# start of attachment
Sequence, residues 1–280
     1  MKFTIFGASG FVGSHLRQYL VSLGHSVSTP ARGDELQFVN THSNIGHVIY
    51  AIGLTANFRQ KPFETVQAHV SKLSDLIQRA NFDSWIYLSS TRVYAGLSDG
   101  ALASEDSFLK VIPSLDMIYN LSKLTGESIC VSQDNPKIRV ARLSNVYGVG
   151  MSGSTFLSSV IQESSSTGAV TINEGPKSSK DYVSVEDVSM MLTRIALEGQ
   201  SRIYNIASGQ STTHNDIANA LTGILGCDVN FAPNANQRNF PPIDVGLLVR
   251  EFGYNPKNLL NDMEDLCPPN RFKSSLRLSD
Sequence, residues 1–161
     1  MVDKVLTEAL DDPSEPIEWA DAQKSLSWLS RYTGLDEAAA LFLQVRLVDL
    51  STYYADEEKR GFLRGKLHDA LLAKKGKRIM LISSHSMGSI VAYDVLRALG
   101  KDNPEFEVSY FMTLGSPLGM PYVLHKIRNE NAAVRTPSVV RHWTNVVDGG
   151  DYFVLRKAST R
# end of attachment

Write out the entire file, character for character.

Sequence, residues 1–280
     1  MKFTIFGASG FVGSHLRQYL VSLGHSVSTP ARGDELQFVN THSNIGHVIY
    51  AIGLTANFRQ KPFETVQAHV SKLSDLIQRA NFDSWIYLSS TRVYAGLSDG
   101  ALASEDSFLK VIPSLDMIYN LSKLTGESIC VSQDNPKIRV ARLSNVYGVG
   151  MSGSTFLSSV IQESSSTGAV TINEGPKSSK DYVSVEDVSM MLTRIALEGQ
   201  SRIYNIASGQ STTHNDIANA LTGILGCDVN FAPNANQRNF PPIDVGLLVR
   251  EFGYNPKNLL NDMEDLCPPN RFKSSLRLSD
Sequence, residues 1–161
     1  MVDKVLTEAL DDPSEPIEWA DAQKSLSWLS RYTGLDEAAA LFLQVRLVDL
    51  STYYADEEKR GFLRGKLHDA LLAKKGKRIM LISSHSMGSI VAYDVLRALG
   101  KDNPEFEVSY FMTLGSPLGM PYVLHKIRNE NAAVRTPSVV RHWTNVVDGG
   151  DYFVLRKAST R